Bugs in Calif Medical Marijuana Law
Monday, July 17th 2000, 12:00 am
By: News On 6
SACRAMENTO, Calif. (AP) â€” In the four years since California's groundbreaking medicinal marijuana law, bugs have been detected, other states have been inspired and the federal government remains unhappy.
Advocates say more research could help solve problems that arose from the 1996 measure, such as how best to take the drug, how much to prescribe and how law enforcement officials should treat those with a doctor's recommendation.
Gina Pesulima, spokeswoman for Americans for Medical Rights, said California's law doesn't define the specific amounts of marijuana allowed or say if patients should be registered or required to carry an identification card. That, she said, has created confusion among law enforcement officials, medical personnel, patients and lawmakers.
``Proposition 215 was pretty loosely written,'' said Pesulima, whose group advises grass-roots organizations promoting medical marijuana laws. ``We help other states draft tighter laws, which will make it easier for everyone involved.''
California Sen. John Vasconcellos has sponsored a bill that would tighten state law by establishing a registry or identification card system and urging consistent enforcement.
The bill was put in the inactive file in the state Assembly, but Rand Martin, a consultant from Vasconcellos' office said he expects it to be approved this year.
In the meantime, San Francisco District Attorney Terence Hallinan last week announced a plan to issue city ID cards allowing sick people to use marijuana. The cards, which cost $25 and require a doctor's note, allow patients to avoid local prosecution if caught possessing the drug.
On Monday, U.S. District Judge Charles R. Breyer was expected to decide if an Oakland club is allowed to distribute medicinal marijuana. He hinted last week he may be forced to permit it because the U.S. Justice Department hasn't rebutted evidence that cannabis is the only effective treatment for a large group of seriously ill people.
Gov. Gray Davis has approved spending $3 million over three years to research the benefits and efficacy of marijuana, which is used by some to ease the pain of terminal or chronic illness.
Even officers who fight drug use support the research, said John Lovell, a lobbyist for the California Narcotic Officers Association.
``We've always supported all dispassionate research into the effects of any drugs. I don't think anyone has any investment in ignorance,'' Lovell said.
Since California voters approved The Compassionate Use Act of 1996, voters in Alaska, Washington, Oregon and Maine have approved similar laws. This month, Hawaii became the first state to use legislation to approve the possession and use of marijuana for medical purposes.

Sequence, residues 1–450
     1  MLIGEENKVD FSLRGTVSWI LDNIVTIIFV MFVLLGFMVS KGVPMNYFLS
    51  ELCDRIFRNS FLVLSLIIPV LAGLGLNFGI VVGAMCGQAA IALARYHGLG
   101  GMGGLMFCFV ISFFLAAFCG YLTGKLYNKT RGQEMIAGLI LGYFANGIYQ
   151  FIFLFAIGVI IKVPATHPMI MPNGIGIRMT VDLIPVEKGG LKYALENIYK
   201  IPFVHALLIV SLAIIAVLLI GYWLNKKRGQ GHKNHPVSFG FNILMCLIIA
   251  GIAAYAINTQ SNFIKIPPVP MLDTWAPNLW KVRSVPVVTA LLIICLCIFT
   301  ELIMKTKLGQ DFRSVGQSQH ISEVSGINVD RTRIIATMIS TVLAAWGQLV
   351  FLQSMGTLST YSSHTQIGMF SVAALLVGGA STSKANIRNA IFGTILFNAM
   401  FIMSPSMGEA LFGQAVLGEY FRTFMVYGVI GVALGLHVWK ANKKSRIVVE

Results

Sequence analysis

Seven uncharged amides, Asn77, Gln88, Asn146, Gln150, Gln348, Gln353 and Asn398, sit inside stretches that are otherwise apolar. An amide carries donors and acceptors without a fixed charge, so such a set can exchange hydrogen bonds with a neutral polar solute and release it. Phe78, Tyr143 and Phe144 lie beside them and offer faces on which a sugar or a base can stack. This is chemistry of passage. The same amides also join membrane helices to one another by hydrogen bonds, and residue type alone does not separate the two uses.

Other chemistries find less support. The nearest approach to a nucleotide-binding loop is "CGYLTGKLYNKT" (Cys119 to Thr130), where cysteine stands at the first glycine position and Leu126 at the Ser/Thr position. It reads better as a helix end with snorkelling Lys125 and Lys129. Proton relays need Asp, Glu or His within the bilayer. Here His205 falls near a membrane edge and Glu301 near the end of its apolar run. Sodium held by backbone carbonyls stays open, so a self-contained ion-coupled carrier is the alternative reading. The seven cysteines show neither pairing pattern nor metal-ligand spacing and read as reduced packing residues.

Voters in Nevada and Colorado also approved initiatives, but will vote again on their measures this fall. Colorado's was disqualified after the election, while Nevada's law requires approval in two successive elections.
Possession and cultivation of marijuana remains illegal under U.S. law, and federal officials have repeatedly told state officials that medical marijuana users risk federal prosecution.
Federal defendants who have tried to use the state's law as a defense have failed, said Thomas J. Ballanco, the defense attorney involved in the two biggest cases using the defense. He lost both.
In one of them, B.E. Smith was convicted of growing marijuana on federal land in Trinity County. Smith has a doctor's recommendation for marijuana and said he was growing the plants for himself and others who were able to smoke pot under the Compassionate Use Act.
Smith is serving a 27-month prison sentence and is appealing the conviction.
``In the cases I've seen at the state level, it has been a successful defense,'' Ballanco said.
One of his clients had her marijuana plants seized, then returned by the Los Angeles Police Department. ``We just backed up a truck to the LAPD and drove off with a bunch of marijuana,'' Ballanco said.
Americans for Medical Rights provides legal assistance for patients who have been arrested on drug charges and are using the Compassionate Use Act as a defense in state courts.
``We're confident that patients are able to use the law as a defense,'' Pesulima said. ``In the cases where there's more of an ongoing battle, it's usually because they have more than the amount allowed for personal use or they are using in public, which is clearly not allowed.''
On the Net:
Americans for Medical Rights: http://medmjscience.org
California Narcotic Officers Association: http://www.cnoa.org